1. yosemite

        Re: EULA word numbers......

        You think MS is the only company spitting out overly long EULAs? Ha ha ha ha!

    3. JohnFen Silver badge

      "They are no worse than most other large capitalist enterprises, and better than some."

      Talk about damning with faint praise!

    4. Anonymous Coward
      Anonymous Coward

      If MS cured cancer and ended poverty I would be willing to forgive them for it being an evil scheme. IF. IF. IF. IF. IF. Unfortunately, they havent. YET. I heard they're trying hard. Not.

  20. RyokuMas Silver badge
    Boffin

    Precedent has been set...

    A few years ago, Unity - and many other game engines - dropped their licence fees and became free, albeit with a number of limitations: in Unity's case, once your game reached a certain revenue, or if you wanted to remove the "made with Unity" splash screen, you had to pay.

    Although this led to a huge flooding of the "indie" game dev markets, from a commercial point of view, it was a win for the game engines - those who were once put off by the price could now develop their games for free, while the engines got both a huge publicity boost and the revenue from those who wanted to buy advanced features or exceeded the revenue thresholds.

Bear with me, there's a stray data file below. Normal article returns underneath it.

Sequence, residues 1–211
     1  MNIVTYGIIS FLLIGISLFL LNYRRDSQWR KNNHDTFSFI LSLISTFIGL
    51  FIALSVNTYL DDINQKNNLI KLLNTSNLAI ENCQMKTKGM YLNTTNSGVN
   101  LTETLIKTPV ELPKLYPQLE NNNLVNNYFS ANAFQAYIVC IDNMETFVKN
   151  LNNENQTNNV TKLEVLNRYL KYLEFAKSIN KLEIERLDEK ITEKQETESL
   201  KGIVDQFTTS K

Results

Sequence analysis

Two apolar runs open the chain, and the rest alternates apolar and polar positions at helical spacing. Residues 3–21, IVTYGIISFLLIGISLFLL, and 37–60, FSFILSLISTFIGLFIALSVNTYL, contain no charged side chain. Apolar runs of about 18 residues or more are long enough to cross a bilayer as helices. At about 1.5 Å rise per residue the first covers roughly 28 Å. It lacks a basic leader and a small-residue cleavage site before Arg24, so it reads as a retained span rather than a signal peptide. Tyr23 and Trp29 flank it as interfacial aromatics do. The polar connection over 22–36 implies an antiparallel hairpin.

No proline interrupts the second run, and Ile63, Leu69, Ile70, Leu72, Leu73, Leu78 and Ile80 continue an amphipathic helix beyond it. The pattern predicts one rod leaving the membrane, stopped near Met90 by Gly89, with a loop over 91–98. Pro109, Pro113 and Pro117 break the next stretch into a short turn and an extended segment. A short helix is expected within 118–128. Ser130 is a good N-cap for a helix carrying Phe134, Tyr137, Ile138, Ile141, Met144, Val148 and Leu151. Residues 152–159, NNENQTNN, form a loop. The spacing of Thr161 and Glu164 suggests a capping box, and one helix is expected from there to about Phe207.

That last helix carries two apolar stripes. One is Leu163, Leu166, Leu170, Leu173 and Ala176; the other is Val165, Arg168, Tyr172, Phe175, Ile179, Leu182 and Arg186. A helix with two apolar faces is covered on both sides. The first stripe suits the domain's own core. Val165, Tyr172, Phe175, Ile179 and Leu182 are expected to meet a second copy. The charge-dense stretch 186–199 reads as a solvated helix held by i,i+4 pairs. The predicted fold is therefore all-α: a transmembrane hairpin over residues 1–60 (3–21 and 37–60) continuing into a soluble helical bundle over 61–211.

This feels like a comparable move by Microsoft: anyone can have a private repo, so those who - for whatever reason - want or need to keep their code private can now use Github, while the three-collaborator limit means that the projects that become successful and grow to the point where they require a bigger team will generate revenue.

    1. yosemite
      Alert

      Re: Precedent has been set...

      Oooh! A sensible assessment of the article? How very dare you. Microsoft are evil, evil, evil and I won't hear otherwise!

      1. JohnFen Silver badge

        Re: Precedent has been set...

        "Microsoft are evil"

        I agree!

  21. JeffyPoooh Silver badge
    Pint

    Free Unlimited On-Line File Storage ?

    I'll rename my wife's dozens and dozens of TB of snapshots from JPG to BIN (or whatever, as required) and upload them all.

    1. Hans 1 Silver badge
      Windows

      Re: Free Unlimited On-Line File Storage ?

      why go through the hassle of renaming ... just add a generic jsp page with code to generate a multipage photoviewer thingy to display the images ... nobody can refute it is your "web app" to view the photos in question ...

  22. Will Godfrey Silver badge
    Meh

    Hmmm,

    I'll be keeping a close watch, but don't think it will be an issue for the small project I work with. It's public and GPL V2 or later.

    It's also mirrored on sourceforge to give a small degree of insurance.

  23. devTrail

    Is it a matter for the anti-trust?

    Isn't dumping considered a monopolistic behaviour?

  24. Anonymous Coward
    Anonymous Coward

    e2e encrypted git

    Just an aside: if you're concerned about privacy, Keybase offers free e2e encrypted Git. This is more suitable for personal config/data since there's no web UI for pull requests and other fancy stuff, but still a perfect fit for some.